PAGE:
49. ^ Explanation of vote on the adoption of the Statute of the International Criminal Court, Embassy of India, 1998-07-17
  50. ^ India and the ICC, Usha Ramanathan, Journal of International Criminal Law, 2005.
  51. ^ a b Amnesty International, Fact sheet: Indonesia and the International Criminal Court. DOC, HTML. Accessed 2007-01-23.
  52. ^ RI to join global criminal court, Jakarta Post, 2007-02-11, accessed on 2007-02-11
  53. ^ Aritonang, Margareth (2013-05-21). "Govt officially rejects Rome Statute". The Jakarta Post. Retrieved 2013-07-09. 
  54. ^ Iraq Pulls Out Of International Criminal Court, Radio Free Europe, 2005-03-02
  55. ^ Groups Urge Iraq to Join International Criminal Court, Common Dreams, 2005-08-08
  56. ^ Justice campaigners say US urged Lebanon not to join International Criminal Court, Daily Star (Lebanon), 2009-03-12
  57. ^ CICC: Asia Update Issue 7. Retrieved 1 November 2011.
  58. ^ Asian Parliamentarians’ Consultation on the Universality of the International Criminal Court, “An action plan for the Working Group of the Consultative Assembly of Parliamentarians for the ICC and the rule of law on the universality of the Rome Statute in Asia”. PDF, HTML 16 August 2006. Accessed 2007-01-23.
  59. ^ http://www.amicc.org/docs/Pakistan1422Stmt12June03.pdf
  60. ^ Council Common Position on the International Criminal Court, American Coalition for the International Criminal Court, 2003-06-13
  61. ^ Turkey, EU and the International Criminal Court, Journal of Turkish Weekly, 2005-04-14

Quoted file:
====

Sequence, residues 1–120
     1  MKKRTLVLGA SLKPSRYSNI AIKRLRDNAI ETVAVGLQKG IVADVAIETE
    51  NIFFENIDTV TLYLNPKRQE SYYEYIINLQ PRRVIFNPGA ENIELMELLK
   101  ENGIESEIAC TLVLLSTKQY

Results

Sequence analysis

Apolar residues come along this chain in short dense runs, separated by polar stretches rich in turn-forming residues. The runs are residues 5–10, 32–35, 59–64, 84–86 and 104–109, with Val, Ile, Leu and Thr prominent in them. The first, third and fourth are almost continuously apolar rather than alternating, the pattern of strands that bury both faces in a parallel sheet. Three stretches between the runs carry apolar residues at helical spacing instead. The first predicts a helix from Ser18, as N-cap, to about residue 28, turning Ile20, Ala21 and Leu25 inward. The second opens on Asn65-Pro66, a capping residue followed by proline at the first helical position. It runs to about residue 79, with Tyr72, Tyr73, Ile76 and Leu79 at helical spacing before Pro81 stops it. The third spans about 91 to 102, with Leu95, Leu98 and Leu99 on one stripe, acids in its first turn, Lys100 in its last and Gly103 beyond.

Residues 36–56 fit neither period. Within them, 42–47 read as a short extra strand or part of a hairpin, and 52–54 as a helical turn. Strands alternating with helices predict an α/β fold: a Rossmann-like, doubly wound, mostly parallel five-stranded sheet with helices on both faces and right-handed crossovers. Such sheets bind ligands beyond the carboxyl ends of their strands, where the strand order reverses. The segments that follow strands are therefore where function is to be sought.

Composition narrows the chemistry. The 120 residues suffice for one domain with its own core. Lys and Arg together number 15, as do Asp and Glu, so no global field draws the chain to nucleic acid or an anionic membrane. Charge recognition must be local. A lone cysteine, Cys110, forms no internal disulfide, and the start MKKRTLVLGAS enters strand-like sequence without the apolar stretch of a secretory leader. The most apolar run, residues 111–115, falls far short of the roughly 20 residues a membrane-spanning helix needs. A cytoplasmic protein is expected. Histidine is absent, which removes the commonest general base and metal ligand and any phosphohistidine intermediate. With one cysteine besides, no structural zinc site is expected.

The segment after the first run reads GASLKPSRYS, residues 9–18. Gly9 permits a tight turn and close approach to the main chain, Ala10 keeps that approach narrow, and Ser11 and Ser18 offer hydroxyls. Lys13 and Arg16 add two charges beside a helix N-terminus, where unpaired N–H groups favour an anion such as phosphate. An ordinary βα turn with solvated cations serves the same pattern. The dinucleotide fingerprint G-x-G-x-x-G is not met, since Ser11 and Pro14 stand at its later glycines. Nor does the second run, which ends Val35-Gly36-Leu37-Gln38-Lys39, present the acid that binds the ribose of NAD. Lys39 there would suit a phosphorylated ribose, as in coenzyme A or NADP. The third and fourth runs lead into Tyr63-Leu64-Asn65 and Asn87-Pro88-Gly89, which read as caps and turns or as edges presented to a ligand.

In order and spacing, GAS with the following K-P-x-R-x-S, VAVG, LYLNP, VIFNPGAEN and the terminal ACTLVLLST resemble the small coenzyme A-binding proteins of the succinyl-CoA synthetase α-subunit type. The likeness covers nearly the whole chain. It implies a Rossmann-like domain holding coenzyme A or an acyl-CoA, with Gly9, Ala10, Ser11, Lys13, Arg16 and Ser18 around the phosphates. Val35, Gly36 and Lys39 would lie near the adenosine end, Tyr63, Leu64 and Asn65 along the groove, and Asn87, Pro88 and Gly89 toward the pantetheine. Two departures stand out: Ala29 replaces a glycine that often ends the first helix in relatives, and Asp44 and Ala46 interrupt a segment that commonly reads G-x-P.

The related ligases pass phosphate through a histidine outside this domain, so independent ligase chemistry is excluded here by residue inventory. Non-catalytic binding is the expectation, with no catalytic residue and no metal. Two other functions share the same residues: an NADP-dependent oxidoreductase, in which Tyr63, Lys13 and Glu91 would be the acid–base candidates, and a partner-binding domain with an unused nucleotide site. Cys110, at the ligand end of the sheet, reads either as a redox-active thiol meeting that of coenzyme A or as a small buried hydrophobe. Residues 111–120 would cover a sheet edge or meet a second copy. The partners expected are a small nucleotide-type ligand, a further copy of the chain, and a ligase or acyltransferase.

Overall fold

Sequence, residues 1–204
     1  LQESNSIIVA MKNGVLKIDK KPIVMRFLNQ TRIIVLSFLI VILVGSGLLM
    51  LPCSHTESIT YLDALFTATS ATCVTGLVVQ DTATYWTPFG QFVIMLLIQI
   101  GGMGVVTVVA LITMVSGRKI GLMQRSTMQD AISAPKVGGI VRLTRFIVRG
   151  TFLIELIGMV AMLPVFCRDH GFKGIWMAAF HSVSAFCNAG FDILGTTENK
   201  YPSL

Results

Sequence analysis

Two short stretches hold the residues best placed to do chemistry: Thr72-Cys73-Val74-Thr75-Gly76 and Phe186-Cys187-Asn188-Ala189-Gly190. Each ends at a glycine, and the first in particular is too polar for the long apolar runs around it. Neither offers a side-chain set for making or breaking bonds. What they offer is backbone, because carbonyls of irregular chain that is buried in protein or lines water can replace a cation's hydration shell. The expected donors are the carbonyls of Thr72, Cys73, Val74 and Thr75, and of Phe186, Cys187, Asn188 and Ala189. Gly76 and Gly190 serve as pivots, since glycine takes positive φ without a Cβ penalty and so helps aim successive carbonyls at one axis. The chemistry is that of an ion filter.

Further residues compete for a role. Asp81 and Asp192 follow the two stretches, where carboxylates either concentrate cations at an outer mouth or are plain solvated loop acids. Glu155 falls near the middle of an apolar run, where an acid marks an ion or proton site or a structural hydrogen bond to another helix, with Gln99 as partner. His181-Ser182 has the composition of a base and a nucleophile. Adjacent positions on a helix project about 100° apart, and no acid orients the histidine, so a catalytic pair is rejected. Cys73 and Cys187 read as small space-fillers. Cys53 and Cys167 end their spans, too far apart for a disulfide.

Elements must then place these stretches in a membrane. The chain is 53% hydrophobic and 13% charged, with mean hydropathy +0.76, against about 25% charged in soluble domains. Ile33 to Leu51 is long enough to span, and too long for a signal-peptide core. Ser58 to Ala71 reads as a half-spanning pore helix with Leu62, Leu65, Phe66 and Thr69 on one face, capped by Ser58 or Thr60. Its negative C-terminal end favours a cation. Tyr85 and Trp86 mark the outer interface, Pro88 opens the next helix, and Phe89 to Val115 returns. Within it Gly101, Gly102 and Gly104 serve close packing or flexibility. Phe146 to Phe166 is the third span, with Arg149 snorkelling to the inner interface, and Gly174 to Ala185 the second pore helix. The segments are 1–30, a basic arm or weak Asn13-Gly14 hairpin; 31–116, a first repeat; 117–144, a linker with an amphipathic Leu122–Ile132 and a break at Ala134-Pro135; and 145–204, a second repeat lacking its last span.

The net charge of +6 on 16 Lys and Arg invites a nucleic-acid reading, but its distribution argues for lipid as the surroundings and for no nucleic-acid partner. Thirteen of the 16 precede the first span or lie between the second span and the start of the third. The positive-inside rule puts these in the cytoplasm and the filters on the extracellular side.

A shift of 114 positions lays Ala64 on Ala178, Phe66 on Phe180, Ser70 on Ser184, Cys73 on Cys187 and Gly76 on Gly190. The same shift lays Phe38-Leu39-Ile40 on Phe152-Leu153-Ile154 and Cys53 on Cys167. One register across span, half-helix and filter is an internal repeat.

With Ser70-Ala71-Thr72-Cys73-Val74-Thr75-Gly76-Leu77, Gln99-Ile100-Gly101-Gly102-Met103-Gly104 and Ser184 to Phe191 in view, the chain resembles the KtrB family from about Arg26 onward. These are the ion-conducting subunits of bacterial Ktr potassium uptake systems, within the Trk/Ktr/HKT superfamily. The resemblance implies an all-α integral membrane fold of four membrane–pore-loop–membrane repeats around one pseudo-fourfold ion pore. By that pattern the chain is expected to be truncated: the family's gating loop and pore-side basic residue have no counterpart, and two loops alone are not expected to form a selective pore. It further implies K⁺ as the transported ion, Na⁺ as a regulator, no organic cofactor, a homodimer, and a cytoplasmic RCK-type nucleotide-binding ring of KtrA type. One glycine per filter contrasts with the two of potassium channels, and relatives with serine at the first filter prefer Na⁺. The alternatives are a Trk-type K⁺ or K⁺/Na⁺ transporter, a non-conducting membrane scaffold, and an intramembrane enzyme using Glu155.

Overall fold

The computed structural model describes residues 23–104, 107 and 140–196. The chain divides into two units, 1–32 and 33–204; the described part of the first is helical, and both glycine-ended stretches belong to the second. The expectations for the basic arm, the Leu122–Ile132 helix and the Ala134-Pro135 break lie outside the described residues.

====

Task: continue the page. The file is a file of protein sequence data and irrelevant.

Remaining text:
62. ^ Constitutional Amendments, Secretariat-General for EU Affairs (Turkey), 2004-05-10
  63. ^ Turkey shelves accession to world criminal court, Zaman, 2008-01-20, accessed on 2008-01-20
  64. ^ See German Federal Gazzette (Bundesgesetzblatt) 2009 II, p. 38.
  65. ^ "Communications, Referrals and Preliminary Examinations: Côte d'Ivoire". International Criminal Court. Retrieved 2011-04-06. 
  66. ^ "Declaration by the Republic of Côte d’Ivoire Accepting the Jurisdiction of the International Criminal Court" (PDF). International Criminal Court. 2003-04-18. Retrieved 2011-04-06. 
  67. ^ "Communications, Referrals and Preliminary Examinations: Palestine". International Criminal Court. Retrieved 2011-04-06. 
  68. ^ "Declaration by the Palestinian National Authority Accepting the Jurisdiction of the International Criminal Court" (PDF). International Criminal Court. 2009-01-21. Retrieved 2011-04-06. 
  69. ^ Simons, Marlise (2009-02-10). "War court asked to examine Gaza war". The New York Times. Retrieved 2011-04-06. 
  70. ^ ICC Prosecutor's Update on the situation in Palestine. 3 April 2012. Retrieved 29 April 2012.
  71. ^ Q&A: Palestinians' upgraded UN status. BBC. 30 November 2012. Retrieved 8 December 2012.
  72. ^ ICC: No Cast Lead probe as PA not a state